Boris Johnson has narrowly won a vote to let the UK strike trade deals with countries that are committing genocide.
The prime minister failed to quell a substantial Tory rebellion over the issue – with 33 of his own backbenchers voting with Labour and other opposition parties.
But he managed by a slim margin to scrap the amendment to the Trade Bill added by the House of Lords, winning a division by 319 to 308.
The move is awkward timing for the government, coming hours after outgoing US Secretary of State Mike Pompeo said China‘s treatment of Muslims and ethnic minorities in the Xinjiang region constitutes genocide.
Despite the amendment being defeated, former Tory leader Iain Duncan Smith – one of the rebels – said he hoped peers would “ensure an improved amendment returns to the Commons”.
He added: “The willful ignorance of alleged genocide and grave human rights abuses in China and elsewhere must stop.
“We will not sell out our values for trade deals with genocidal states.”
Speaking in the Commons, Mr Duncan Smith added Uighurs and other victims of alleged genocide “have been denied justice for many many years” and face being pushed into slave labour and forced sterilisation.
“It’s quite clear to me – but I’m not able to say so – that this has all the hallmarks of a genocide.
“I’m not able to say so, because at the end of the day it’s for the courts to make that decision, it’s not for individual politicians to do so.”
Other senior Conservatives to rebel were former cabinet ministers David Davis and Damian Green.
Tory MP Tobias Ellwood, who chairs the Commons’ Defence select Committee, explained why he was voting against the government, saying: “We are just crafting the definition of what global Britain means and this must be front and centre in what we stand for and what we believe.”
The amendment would have let the High Court decide a country that signed up to a trade deal with Britain had committed genocide under the UN Convention on the Prevention and Punishment of the Crime of Genocide – revoking the agreement.
During the debate, trade minister Greg Hands said he wanted “further discussions” with MPs on how to approach their concerns.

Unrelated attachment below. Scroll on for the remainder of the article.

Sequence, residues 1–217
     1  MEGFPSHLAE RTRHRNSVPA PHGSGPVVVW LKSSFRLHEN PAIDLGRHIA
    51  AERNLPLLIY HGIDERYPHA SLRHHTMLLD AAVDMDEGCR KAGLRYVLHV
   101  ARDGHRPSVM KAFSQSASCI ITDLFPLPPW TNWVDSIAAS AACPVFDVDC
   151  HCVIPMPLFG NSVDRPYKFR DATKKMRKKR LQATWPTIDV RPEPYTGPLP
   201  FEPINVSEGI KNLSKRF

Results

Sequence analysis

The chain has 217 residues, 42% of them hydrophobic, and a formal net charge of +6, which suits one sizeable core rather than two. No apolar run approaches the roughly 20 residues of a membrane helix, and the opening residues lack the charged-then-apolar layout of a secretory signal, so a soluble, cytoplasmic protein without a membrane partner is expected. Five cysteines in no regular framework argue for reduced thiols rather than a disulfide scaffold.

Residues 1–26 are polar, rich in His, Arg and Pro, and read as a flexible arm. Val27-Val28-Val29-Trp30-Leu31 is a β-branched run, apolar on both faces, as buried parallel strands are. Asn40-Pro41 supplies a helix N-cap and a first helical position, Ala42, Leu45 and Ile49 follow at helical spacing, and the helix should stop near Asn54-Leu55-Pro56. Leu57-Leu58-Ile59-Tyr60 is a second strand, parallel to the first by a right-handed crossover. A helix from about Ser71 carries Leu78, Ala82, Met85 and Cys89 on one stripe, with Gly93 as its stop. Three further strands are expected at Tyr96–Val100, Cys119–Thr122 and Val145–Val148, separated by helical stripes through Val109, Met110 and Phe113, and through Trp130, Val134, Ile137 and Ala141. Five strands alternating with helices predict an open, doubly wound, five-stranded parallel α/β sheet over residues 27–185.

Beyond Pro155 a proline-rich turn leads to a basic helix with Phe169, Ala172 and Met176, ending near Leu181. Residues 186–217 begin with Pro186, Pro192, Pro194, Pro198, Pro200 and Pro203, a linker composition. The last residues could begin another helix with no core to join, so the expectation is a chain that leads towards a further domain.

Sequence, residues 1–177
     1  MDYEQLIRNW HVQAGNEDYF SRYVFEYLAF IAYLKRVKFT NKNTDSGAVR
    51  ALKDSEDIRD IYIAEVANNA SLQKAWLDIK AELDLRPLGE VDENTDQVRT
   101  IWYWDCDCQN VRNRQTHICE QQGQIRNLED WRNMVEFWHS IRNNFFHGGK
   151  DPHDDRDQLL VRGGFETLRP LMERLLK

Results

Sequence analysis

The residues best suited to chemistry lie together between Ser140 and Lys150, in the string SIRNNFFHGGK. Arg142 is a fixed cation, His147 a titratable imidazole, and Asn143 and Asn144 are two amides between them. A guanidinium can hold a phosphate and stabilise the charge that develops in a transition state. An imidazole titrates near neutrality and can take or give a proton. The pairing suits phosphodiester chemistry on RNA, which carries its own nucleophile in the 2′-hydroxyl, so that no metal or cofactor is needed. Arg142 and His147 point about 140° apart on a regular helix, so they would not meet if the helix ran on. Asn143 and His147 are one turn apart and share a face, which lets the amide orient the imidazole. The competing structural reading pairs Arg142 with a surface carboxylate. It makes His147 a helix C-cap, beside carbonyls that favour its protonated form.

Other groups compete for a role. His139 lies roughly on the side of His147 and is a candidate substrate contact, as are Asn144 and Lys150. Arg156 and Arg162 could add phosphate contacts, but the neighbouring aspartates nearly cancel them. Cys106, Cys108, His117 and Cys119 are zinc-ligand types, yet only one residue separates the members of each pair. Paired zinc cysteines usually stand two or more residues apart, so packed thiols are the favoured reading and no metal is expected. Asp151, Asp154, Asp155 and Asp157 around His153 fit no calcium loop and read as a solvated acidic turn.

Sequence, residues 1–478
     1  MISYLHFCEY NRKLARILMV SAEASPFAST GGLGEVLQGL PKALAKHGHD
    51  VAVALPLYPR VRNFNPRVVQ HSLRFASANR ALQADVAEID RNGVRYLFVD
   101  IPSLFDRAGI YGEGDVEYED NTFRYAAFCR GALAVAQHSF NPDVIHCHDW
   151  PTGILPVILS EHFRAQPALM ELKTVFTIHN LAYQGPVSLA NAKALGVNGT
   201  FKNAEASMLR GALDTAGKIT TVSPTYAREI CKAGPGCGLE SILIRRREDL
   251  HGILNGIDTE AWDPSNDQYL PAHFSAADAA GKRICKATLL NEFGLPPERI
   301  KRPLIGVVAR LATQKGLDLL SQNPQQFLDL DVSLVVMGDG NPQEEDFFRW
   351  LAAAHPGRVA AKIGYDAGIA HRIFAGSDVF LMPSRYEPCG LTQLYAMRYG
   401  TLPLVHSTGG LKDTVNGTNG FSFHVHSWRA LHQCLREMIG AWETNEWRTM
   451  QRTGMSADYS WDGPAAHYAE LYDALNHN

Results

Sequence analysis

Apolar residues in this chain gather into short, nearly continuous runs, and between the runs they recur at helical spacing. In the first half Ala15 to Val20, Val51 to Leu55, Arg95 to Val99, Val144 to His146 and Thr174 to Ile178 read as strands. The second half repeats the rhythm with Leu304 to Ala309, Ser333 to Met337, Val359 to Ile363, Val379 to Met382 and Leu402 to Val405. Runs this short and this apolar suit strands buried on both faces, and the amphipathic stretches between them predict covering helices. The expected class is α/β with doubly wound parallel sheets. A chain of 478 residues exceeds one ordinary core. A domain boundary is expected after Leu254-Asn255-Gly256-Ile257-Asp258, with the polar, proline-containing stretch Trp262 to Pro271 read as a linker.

But he angered them by admitting he had not read a compromise amendment, which was tabled by Sir Iain and Conservative MP Nusrat Ghani and designed to avoid a rebellion by containing the thrust of proposals introduced by peers while easing government concerns.
Mr Hands said he will “have to have a look at the amendment” before Sir Iain replied that he had handed it to Foreign Secretary Dominic Raab and his team last Wednesday and added: “With respect, it’s not a case of will he have a look at it, he must have a view about it surely because it’s there.”
In the Commons last week, Mr Raab dismissed the amendment as “well-meaning” but also “rather ineffective and counter-productive”.
Analysis: Another showdown coming soon with potentially even more rebels
By Jon Craig, chief political correspondent
During the big Commons vote on genocide and trade with China, the burly, ruddy-faced figure of Mark Spencer, the government chief whip, sat slumped in his corner seat on the front bench looking worried.
And well he might. When his deputy, the affable Stuart Andrew showed him a piece of paper with the result, it revealed that the government – with a hefty Commons majority of 80, don’t forget – had scraped home by just 11 votes.
The reason: a bruising rebellion, including some big names and several former Cabinet ministers, that will ring alarm bells in Downing Street and the Foreign Office and means this row isn’t over.
After this narrow defeat, one of the leading rebels told Sky News: “We’ve got them just where we want them, a handful of votes short. It means the Lords will be emboldened to take on our amendment.”
So stand by for a repeat of this showdown in a few weeks’ time, when – potentially – the Tory rebellion could be even bigger and the Government could face the real prospect of a humiliating Commons defeat.
The scale of the rebellion also demonstrates that the so-called “China Hawks” on the Tory back benches are a powerful lobby in the Commons and the government may have to make significant concession to them.
This sizable rebellion also dwarfs the rebellion by just six Tory MPs 24 hours earlier on Universal Credit. It shows what issues Conservative backbenchers care about.
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